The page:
Gosselin also called on expert witnesses who testified Bissonnette showed potential for rehabilitation and should be granted the right to seek parole after 25 years. 

Crown prosecutor Thomas Jacques depicted Bissonnette as manipulative, arguing the young man’s crime may be the most heinous act ever committed on Canadian soil.

“It’s a black eye, a scar on our Canadian values,” he said in a court hearing last June.

Men gather to pray inside the Quebec Islamic Cultural Centre where the Jan. 29 2017 attack took place. (Alice Cliche/AFP/Getty Images)

‘Preserve the memory of our deceased’

Bissonnette changed his plea to guilty in March of last year, avoiding a lengthy trial for the six counts of first-degree murder and six counts of attempted murder against him.

One of the attempted murder charges covers the 35 people, including four children, who were present in the mosque but weren’t physically wounded.

Survivors’ testimony at Bissonnette’s sentencing hearing last April offered a glimpse into the trauma and fear with which many of them still live. Some witnesses described how their lives have been shattered, leaving them feeling vulnerable and anxious.

“There is this fear, this feeling of being threatened everywhere,” said Ahmed Cheddadi, one witness who spent a year confined to his home, concerned for the safety of his family.

The victims’ families pleaded with Huo​t to hand Bissonnette an exemplary sentence, “to forever preserve the memory of our deceased,” said Louiza Mohamed Said, Abdelkrim Hassane’s widow, who is now raising the couple’s three daughters on her own.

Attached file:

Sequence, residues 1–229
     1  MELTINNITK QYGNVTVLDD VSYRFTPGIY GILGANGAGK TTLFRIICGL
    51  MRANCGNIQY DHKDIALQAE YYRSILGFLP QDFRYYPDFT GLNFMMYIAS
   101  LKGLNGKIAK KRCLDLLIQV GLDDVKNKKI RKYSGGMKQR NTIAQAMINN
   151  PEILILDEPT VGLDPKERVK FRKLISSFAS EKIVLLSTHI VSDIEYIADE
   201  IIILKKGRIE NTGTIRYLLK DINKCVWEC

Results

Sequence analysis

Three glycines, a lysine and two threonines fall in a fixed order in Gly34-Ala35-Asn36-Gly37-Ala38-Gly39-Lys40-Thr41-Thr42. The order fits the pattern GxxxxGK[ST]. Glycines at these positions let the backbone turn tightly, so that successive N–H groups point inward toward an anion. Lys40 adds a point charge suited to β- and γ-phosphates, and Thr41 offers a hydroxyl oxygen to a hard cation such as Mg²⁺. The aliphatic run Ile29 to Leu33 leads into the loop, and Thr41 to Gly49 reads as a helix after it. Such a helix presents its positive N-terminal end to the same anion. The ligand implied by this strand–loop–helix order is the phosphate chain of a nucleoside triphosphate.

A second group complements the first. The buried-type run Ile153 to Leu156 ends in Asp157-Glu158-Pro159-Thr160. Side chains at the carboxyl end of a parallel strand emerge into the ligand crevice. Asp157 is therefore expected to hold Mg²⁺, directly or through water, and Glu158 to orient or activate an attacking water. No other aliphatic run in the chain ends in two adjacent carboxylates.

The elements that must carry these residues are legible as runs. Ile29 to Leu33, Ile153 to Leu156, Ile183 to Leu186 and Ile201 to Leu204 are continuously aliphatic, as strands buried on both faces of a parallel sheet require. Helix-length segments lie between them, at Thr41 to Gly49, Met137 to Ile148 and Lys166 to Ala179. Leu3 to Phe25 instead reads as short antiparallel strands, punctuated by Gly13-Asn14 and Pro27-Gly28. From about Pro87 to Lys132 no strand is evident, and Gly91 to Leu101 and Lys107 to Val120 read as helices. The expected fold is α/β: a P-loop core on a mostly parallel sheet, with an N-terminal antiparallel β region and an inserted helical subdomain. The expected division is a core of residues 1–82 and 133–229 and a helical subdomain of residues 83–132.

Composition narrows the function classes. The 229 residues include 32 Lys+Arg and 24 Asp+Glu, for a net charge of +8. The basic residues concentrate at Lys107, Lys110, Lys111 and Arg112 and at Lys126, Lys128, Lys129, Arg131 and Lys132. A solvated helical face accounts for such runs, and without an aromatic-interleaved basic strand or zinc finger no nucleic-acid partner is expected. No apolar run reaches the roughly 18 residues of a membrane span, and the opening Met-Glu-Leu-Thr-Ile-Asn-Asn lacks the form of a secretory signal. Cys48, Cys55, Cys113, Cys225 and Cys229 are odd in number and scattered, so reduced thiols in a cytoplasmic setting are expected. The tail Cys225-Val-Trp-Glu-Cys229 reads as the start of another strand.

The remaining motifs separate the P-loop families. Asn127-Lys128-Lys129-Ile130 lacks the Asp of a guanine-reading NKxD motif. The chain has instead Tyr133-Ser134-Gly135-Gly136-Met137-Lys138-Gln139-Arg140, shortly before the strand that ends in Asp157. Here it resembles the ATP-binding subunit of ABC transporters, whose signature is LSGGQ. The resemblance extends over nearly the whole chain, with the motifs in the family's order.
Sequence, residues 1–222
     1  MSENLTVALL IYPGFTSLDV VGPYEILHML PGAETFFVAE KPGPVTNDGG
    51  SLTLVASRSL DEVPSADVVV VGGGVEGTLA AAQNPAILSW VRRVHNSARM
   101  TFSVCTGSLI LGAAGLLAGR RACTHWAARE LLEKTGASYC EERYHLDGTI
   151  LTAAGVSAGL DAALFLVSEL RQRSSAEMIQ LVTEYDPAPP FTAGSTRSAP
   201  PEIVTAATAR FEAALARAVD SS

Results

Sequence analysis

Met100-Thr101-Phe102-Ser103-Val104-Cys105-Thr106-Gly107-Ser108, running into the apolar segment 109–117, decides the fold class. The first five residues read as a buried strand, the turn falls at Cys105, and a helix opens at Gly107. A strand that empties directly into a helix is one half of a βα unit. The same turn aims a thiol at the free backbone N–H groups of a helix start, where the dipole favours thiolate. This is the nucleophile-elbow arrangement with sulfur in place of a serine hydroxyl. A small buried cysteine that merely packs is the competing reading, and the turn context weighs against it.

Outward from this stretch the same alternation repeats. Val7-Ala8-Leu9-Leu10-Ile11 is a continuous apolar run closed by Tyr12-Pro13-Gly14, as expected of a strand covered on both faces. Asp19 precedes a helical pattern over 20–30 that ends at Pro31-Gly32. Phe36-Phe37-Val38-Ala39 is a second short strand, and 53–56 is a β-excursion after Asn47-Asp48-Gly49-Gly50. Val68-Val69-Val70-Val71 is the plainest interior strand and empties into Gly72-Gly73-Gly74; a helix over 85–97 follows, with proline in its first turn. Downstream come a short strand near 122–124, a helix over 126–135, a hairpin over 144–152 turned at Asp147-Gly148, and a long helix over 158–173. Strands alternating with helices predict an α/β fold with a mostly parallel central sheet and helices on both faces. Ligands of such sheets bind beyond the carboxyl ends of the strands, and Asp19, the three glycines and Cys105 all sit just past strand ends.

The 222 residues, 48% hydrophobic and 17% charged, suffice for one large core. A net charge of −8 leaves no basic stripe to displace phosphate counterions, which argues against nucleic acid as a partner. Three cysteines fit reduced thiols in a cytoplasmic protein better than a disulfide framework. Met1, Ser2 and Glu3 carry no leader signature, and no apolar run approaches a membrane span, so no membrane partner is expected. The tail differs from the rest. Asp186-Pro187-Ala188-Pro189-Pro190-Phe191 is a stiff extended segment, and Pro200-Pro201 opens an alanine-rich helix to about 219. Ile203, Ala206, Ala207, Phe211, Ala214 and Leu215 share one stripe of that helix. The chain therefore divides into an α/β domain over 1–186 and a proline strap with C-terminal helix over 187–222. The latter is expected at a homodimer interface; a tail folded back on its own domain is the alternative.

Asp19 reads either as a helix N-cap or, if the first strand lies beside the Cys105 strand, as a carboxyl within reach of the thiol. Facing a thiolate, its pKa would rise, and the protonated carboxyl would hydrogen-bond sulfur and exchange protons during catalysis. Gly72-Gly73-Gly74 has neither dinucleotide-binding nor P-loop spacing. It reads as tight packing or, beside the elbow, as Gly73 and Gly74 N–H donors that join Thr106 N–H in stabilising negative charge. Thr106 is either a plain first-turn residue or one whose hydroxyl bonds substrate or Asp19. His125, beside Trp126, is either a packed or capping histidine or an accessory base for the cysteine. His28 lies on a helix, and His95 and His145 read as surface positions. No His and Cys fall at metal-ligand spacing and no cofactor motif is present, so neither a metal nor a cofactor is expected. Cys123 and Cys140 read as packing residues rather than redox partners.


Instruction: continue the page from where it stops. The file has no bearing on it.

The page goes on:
“The many projects we had planned were annihilated,” she told the judge in a moving impact statement last April. “He won’t be there to share in the joys and sorrows of his three daughters. He won’t be present at their graduations or weddings. My youngest will have no memory of her father, and that is so unfair.”

Six men died in the attack on the Quebec Mosque. They are, clockwise from left, Mamadou Tanou Barry, Azzedine Soufiane, Abdelkrim Hassane, Ibrahima Barry, Aboubaker Thabti and Khaled Belkacemi. (CBC)

Records of Bissonnette’s web searches, gleaned from his computer and tabled as evidence at his sentencing hearing, showed the man, 27 at the time of the attack, had spent months looking into other mass murders, reading about U.S. immigration policies, Islam and assault weapons.

Bissonnette also told a psychologist he met after his arrest that he “regretted not shooting more people,” and that he had been obsessed with mass killers since adolescence. 

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List of Tourist Attractions Open Now in Ottawa